The day was concluded with a visit to the Viennese Christmas market where discussions continued often in bilateral format.

Fourth day of VSS

The last day started with a keynote on DICE, a European-funded project to explore DevOps for Big Data and high-quality data-intensive applications, by Giuliano Casale from Imperial College London. The project aims to delivery a DevOps toolchain as well as an automated quality analysis of logs abouts builds and other steps in the pipeline. It assumes a triangle of data, platforms, and methods/tools, and sees Lambda and Kappa architectures as new trend. However, the practical focus of DICE is on the integration of four projects to get a baseline system for performance engineering: Hadoop, Cassandra, Spark and Storm. According to the speaker, what is still missing is a workflow-like expression for “DataOps” which can be used by data scientists. DICE’s approach of mutating and combining configuration options resembles our work on quantifiable elasticity boundaries in that wrong configuration can have a high performance cost. The DICE work is advanced in the sense of considering a proper configuration optimisation workflow, starting with initial design and model fitting, through sequential blackbox optimisation, but also Bayesian optimisation. The project approach has been demonstrated in a scenario which shows that even expert administrators who fine-tune the data processing tools can be outperformed by automated optimisation in just a few iterations. The ensuing discussion was short and focused on whether production systems would be considered, which is not the case and also not necessary beyond the initial optimisation, and whether the semantics and complexity of configurations can be compared. Our future work on elasticity could benefit from the suggested optimisation approaches.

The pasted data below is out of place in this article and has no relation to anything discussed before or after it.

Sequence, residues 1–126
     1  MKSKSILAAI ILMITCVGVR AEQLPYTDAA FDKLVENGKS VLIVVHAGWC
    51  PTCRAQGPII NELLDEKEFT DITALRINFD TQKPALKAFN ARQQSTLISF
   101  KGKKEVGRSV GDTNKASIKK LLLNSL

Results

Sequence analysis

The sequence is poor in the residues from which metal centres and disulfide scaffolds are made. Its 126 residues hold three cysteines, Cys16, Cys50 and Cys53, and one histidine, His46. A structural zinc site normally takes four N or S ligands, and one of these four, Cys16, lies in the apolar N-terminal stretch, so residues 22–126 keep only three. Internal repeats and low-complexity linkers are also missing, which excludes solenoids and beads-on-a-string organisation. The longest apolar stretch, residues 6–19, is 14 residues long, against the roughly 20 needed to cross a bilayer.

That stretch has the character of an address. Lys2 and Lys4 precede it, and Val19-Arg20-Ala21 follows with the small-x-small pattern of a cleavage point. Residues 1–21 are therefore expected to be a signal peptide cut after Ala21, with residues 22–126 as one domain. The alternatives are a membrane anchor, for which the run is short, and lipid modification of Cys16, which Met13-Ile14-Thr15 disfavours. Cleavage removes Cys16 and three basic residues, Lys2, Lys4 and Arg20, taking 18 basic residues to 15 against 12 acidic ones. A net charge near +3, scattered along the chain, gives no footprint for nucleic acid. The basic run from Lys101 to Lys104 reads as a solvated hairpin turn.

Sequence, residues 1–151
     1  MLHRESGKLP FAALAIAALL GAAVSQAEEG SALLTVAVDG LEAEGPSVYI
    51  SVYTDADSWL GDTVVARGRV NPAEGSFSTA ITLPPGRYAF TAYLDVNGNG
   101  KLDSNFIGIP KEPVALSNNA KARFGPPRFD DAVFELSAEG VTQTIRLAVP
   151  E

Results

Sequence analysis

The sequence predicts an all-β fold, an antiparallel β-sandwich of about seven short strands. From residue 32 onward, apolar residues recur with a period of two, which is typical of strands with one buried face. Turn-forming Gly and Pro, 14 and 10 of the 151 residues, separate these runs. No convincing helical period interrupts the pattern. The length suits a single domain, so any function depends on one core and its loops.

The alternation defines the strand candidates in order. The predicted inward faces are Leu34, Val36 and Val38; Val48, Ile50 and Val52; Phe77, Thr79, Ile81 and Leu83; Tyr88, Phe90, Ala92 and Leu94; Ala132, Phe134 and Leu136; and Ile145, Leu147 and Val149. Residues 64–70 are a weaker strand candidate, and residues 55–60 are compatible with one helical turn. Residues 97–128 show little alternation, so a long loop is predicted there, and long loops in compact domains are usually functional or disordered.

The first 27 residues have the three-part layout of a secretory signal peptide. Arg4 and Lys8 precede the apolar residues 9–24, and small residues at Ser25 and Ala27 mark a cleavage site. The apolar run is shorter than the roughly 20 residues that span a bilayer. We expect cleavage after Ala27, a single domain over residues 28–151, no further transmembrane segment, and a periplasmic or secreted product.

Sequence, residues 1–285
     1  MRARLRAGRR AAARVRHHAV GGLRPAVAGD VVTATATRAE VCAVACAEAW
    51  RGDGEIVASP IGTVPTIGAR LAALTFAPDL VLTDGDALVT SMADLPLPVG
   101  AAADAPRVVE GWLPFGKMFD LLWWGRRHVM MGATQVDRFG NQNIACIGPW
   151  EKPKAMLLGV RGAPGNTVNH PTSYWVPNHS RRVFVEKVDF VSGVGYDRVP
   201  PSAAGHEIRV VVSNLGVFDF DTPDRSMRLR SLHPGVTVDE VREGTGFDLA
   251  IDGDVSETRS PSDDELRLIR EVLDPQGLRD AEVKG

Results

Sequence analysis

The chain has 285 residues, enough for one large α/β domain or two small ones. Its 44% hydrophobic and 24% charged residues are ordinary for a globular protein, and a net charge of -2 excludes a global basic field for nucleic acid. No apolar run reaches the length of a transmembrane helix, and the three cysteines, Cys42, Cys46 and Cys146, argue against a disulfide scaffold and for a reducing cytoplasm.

In the next talk, Andreas Steffens from RWTH Aachen presented his work on self-organising continuous delivery pipelines. This work kind of resolved the issue raised in the earlier breakout session on teaching that sometimes the build pipelines are more complex than the code. In the approach, the pipelines are generated from a higher-level domain-specific language. Showing the example of a large German travel booking portal, the pipelines could be optimised to fail a lot faster despite requiring a little amount of extra time to run overall. Yet, the developer turnaround times will benefit greatly from the faster fails.

Afterwards, our own work on serverless tools was presented, coupled with a few speculative, opportunistic and generally forward-looking statements on how delivering code as functions can be streamlined and improved in the future. The approach foresees the combination of debugging, tracing, profiling and autotuning techniques. Within the lightning talk, a short half-minute FaaSification demo was given. The slides for the talk are available online.

Due to the high interest in discussing serverless issues, two breakout groups were established which discussed only few overlapping topics. The first group in particular debated about security shortcomings, composition languages, and various other aspects such as application models, operational patterns (like sidecars for functions) and the bifurcation of software engineering due to the trend towards adding glue functions between provider-specific services.

After lunch, a few additional lightning talks were given. However, the reporter was unable to attend due to travel planning. We would like to thank the VSS’17 organisers for putting together such an impressive programme schedule and opportunity for meeting, learning, discussion and planning of future activities.